It is no coincidence that these reports are circulating at a time when the Iranians themselves are indulging in their own sabre-rattling, with their armed forces undertaking a series of military exercises in which they are showing off all their latest technological advances, from radar-evading missiles to stealth flying boats.

While none of these weapons would seriously threaten the overwhelming superiority enjoyed by America, the clear signal that the Iranians are trying to send out is that, if attacked, they have the ability to retaliate and cause mayhem throughout the Middle East.

Apart from starving the West of vital oil supplies by closing the Straits of Hormuz, the Iranians have an advanced ballistic missile capability that can hit targets throughout the Middle East – including Israel.

Certainly the fear of provoking a wider Middle East war is one of the reasons that divisions are already starting to appear in the Security Council over how best to deal with Iran.

While Britain and America would like to see a “smart sanctions” regime implemented if Teheran refuses to call a halt to its nuclear enrichment activities by the end of this month, other powerful voices, particularly Russia and China, believe such a move would be counter-productive.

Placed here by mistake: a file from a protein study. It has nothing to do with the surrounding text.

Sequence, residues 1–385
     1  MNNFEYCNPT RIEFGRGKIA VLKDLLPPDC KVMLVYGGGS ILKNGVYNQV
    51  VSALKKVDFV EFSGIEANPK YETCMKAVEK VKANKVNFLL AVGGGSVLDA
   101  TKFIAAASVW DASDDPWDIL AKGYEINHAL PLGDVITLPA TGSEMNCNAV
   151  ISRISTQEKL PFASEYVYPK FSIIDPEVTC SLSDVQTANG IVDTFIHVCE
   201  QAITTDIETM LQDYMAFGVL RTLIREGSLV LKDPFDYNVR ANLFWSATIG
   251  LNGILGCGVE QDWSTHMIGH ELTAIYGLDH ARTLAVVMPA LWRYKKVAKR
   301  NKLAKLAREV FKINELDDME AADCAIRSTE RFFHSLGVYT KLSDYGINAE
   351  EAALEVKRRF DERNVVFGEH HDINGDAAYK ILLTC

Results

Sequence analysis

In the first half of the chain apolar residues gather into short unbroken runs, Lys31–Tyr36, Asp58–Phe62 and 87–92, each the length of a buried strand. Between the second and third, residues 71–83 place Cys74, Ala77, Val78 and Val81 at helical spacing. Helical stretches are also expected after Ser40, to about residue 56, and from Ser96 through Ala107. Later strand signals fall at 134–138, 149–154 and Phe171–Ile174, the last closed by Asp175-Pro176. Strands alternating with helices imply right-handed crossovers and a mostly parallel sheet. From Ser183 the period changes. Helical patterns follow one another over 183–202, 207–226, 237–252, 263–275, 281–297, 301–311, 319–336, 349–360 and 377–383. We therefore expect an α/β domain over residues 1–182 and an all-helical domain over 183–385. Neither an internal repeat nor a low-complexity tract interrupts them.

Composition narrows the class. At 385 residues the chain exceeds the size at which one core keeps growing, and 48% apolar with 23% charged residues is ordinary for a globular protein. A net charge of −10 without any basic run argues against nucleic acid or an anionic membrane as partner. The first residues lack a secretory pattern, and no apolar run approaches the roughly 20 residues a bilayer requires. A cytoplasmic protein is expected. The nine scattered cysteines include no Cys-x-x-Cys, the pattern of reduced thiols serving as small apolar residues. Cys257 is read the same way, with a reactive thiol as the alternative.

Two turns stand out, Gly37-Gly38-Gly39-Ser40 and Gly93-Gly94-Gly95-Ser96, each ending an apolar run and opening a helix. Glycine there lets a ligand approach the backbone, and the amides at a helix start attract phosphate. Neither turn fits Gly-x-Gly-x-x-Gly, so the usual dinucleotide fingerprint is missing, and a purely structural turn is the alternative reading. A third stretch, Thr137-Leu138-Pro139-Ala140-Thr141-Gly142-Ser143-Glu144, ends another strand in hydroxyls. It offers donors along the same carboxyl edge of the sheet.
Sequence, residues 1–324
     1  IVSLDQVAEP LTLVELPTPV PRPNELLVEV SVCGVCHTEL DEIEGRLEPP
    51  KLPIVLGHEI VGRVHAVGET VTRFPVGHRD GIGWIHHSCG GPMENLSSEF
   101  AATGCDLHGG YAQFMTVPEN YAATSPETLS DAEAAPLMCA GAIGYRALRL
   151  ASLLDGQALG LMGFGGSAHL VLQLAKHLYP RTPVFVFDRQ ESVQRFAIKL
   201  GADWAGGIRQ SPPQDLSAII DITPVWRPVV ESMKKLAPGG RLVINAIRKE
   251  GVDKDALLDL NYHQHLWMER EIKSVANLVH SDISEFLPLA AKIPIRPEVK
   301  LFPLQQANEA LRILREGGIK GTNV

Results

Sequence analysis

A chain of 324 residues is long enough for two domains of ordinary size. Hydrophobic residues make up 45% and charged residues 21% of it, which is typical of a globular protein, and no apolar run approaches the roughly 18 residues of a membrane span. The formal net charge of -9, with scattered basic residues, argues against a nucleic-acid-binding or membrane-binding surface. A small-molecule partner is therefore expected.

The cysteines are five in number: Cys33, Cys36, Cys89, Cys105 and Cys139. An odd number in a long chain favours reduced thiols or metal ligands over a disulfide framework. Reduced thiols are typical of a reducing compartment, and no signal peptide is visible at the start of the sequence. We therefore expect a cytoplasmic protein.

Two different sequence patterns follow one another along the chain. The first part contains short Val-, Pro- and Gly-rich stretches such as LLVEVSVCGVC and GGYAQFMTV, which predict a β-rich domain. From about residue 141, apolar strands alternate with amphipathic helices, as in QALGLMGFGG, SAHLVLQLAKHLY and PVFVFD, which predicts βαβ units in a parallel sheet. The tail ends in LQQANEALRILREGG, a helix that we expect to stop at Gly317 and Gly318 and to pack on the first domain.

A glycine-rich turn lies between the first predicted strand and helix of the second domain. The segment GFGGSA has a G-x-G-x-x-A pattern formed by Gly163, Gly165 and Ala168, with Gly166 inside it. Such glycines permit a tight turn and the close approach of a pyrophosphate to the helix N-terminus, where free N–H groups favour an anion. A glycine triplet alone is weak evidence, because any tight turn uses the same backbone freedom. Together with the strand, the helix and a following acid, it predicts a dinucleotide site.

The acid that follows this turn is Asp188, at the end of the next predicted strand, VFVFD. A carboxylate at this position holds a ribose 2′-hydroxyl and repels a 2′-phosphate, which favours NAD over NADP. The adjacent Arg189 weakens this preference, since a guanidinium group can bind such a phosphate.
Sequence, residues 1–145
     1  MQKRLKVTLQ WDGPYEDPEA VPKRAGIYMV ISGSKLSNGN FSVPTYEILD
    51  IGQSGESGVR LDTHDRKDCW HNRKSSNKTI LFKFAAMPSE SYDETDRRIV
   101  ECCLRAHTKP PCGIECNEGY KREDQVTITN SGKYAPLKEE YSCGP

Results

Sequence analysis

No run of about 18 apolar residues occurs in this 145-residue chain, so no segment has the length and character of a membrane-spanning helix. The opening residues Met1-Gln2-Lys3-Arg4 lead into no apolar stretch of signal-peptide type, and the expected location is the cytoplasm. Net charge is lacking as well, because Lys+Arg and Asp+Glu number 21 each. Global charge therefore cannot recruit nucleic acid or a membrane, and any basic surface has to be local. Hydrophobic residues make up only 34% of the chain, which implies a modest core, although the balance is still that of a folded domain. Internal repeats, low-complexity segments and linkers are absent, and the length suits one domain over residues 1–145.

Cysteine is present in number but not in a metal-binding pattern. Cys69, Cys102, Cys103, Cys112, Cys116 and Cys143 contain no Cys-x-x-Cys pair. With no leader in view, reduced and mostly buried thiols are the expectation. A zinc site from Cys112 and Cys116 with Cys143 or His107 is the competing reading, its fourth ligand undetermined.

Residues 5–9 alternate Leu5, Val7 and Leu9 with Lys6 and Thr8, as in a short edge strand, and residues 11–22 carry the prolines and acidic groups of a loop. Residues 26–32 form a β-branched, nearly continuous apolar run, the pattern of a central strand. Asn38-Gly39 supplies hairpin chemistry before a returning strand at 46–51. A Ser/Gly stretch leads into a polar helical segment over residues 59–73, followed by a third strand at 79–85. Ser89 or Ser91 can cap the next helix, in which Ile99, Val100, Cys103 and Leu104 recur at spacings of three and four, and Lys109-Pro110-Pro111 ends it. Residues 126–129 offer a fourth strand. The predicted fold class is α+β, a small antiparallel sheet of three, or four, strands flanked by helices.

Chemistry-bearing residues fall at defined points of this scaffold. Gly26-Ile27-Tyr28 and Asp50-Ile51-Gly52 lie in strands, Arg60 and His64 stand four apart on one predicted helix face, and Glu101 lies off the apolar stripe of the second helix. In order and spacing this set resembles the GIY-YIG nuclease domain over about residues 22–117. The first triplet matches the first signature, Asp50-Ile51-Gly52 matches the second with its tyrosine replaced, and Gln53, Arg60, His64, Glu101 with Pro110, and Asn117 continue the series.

Irrespective of the outcome, however, the Bush Administration is correct in its assessment that, without the threat of serious military action, the Iranians are unlikely to take seriously the West’s determination to prevent them acquiring a nuclear arsenal.

The suggestion, contained in Seymour Hersh’s article in this week’s New Yorker, that Washington is prepared to use tactical nuclear weapons, might appear far-fetched: the ground-penetrating bombs used to destroy Saddam’s state-of-the art German-built bunkers at the start of the Iraq war three years ago adequately accomplished the task using conventional munitions.

But if the current round of diplomacy is to stand any chance of success, then the Iranians must be made to understand that their prevarication tactics at the UN can no longer be tolerated over an issue of such importance for international security.

For while Jack Straw, the Foreign Secretary, regards the concept of military action against Iran as “nuts”, it would be even nuttier to allow Teheran to have an atom bomb.